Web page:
Angry Ears -- Managing Your Pets Ear Infection

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Angry Ears -- Managing Your Pets Ear Infection

As spring continues to make its way into the Vail Valley with summertime not far behind, the warmer weather can bring up medical maladies in our furry family members. Along with an exponential increase in the flea, tick, and mosquito populations (which can cause a host of illnesses as these critters can carry transmittable diseases to you and your pet), summertime activities such as hiking and swimming can predispose to issues as well. If you have a dog with especially long, floppy ears that adores spending time in the water, you may be attuned to the fact that they are more susceptible to ear infections during this time of the year. Although ear infections can start out as a minor irritation, they can develop into a much larger issue if not treated promptly.

Although ear infections can occur at any time of the year, warm weather can make it more likely for your pet to develop an infection. There are many predisposing factors, including the anatomy of the ear itself (heavy, floppy, or hairy ears), but summertime brings with it seasonal allergies that can make your pet scratch their ears as well as the increased time spent in bodies of water. The ear canal of a dog is shaped so that there are several places small drops of water can collect, leaving a dark, moist environment for unfavorable organisms to grow. Additionally, if your pet scratches their ears they are causing small areas of trauma to the skin which, again, allows for an excellent growing environment for microbes.

The most common bugs that cause ear infections are yeast (usually Malassezia spp.) and cocci bacteria (round-shaped organisms commonly Staphylococcus psuedintermedius). These organisms will cause clinical signs such as red, itchy, smelly ears with mild to severe amounts of brown, black, or tan debris in the ear canals. Other bacteria such as Psudomonas aeruginosa and Klebsiella spp. can cause infections with very similar signs but will often require different treatment than yeast or cocci infections. Your veterinarian will want to perform an ear cytology to determine what organism(s) are causing your pet’s infection and can choose the appropriate therapy. Often, treatment will consist of daily topical ear medication and ear flush for 1-2 weeks. Some pets that may be difficult to treat at home can be given a long-acting topical ear gel treatment that only requires 2 doses 1 week apart at your vet clinic and then will continue acting for up to 45 days after the second treatment.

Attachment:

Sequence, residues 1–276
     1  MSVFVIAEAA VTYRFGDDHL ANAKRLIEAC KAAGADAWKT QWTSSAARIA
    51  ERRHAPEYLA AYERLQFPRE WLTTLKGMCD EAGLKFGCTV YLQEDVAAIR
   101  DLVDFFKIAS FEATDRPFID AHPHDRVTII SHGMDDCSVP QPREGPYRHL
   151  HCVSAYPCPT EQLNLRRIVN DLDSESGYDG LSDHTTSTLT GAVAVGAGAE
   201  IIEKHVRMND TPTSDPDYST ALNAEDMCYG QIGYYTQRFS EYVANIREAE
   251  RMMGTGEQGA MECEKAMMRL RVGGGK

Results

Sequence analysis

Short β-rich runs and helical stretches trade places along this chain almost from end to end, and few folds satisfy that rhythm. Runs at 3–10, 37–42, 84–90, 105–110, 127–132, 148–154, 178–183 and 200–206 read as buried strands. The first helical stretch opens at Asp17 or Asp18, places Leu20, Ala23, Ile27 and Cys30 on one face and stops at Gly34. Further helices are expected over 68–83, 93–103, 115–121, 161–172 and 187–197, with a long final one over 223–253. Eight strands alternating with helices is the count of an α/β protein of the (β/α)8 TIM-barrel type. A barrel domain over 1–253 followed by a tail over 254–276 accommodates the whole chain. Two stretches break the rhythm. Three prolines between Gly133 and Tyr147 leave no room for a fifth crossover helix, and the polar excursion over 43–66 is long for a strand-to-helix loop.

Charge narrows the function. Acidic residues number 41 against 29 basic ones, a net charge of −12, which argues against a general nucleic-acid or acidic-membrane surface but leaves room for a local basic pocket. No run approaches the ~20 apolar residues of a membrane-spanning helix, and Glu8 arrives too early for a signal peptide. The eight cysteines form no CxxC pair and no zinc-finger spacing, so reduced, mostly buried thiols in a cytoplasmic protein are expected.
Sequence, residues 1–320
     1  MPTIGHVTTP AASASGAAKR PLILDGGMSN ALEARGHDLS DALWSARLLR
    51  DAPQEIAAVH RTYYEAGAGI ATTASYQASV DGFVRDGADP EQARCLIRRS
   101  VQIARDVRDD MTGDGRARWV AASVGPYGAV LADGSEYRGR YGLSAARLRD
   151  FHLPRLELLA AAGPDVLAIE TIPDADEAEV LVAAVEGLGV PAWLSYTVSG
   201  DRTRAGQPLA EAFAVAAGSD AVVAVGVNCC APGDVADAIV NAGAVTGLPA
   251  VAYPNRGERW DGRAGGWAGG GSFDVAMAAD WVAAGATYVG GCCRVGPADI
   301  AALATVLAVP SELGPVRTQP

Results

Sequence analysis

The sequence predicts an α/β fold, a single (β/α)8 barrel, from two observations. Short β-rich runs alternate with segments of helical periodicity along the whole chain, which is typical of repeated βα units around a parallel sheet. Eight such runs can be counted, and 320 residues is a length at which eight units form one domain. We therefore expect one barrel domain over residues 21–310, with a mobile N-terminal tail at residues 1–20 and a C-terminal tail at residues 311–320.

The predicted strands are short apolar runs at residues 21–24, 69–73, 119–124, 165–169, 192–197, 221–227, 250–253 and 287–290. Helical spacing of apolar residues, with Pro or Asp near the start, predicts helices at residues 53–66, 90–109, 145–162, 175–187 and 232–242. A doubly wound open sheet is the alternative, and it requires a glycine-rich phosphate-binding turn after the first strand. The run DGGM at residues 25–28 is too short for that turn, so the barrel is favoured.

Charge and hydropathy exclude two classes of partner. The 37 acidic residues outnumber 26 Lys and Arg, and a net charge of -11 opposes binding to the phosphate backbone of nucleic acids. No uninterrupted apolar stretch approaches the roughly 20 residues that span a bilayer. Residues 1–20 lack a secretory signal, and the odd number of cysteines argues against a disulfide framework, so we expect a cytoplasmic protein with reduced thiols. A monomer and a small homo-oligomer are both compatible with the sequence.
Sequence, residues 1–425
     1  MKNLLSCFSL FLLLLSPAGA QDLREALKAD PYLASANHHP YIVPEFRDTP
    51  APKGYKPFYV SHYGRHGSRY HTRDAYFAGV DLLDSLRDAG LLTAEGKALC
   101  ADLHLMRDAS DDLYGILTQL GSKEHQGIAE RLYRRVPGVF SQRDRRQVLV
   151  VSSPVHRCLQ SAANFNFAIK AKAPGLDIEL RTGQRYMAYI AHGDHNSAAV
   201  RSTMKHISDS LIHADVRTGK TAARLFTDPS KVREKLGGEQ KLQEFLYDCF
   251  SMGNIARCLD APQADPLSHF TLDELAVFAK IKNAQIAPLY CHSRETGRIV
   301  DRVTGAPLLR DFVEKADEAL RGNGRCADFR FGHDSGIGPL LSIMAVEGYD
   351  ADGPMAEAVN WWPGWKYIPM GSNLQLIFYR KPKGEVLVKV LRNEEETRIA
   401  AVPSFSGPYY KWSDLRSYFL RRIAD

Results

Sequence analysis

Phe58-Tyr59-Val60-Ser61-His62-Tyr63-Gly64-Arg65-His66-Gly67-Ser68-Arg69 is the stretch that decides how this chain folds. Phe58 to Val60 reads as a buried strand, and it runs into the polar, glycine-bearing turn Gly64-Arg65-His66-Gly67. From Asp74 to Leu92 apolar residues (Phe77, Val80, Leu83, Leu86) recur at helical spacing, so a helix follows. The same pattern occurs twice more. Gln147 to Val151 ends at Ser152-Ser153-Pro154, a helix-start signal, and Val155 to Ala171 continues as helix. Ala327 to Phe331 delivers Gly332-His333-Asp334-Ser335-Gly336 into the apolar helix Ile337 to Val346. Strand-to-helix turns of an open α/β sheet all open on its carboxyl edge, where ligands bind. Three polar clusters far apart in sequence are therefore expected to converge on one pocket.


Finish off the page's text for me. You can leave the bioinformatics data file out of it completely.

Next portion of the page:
Many pets can develop recurring or resistant ear infections, which means either the infection comes back within a few weeks of treatment or it never fully heals due to resistance of the infectious organism to the chosen therapy. At this point, an ear culture is recommended to grow the organism(s) causing the issue and determine to which medications they are susceptible. This is usually a more expensive test--however, if accurate results are obtained and the correct medication can be started based on those results, the treatment process for your pet will be much more effective.

Although many ear infections are mild and short-lived with medication, if left untreated for too long, irreversible damage may be done to the outer, middle, or inner ear. This may cause permanent ear problems for your pet or may result in the need for surgery of the ear. That is why it is always best to have your pet seen as soon as possible if you suspect an ear infection, not only to keep your pet pain-free but to prevent further damage to the ear itself. If you notice signs of head-shaking, itching, red, dirty, or irritated ears, get in touch with your local veterinarian to have an exam performed and determine if treatment is needed.

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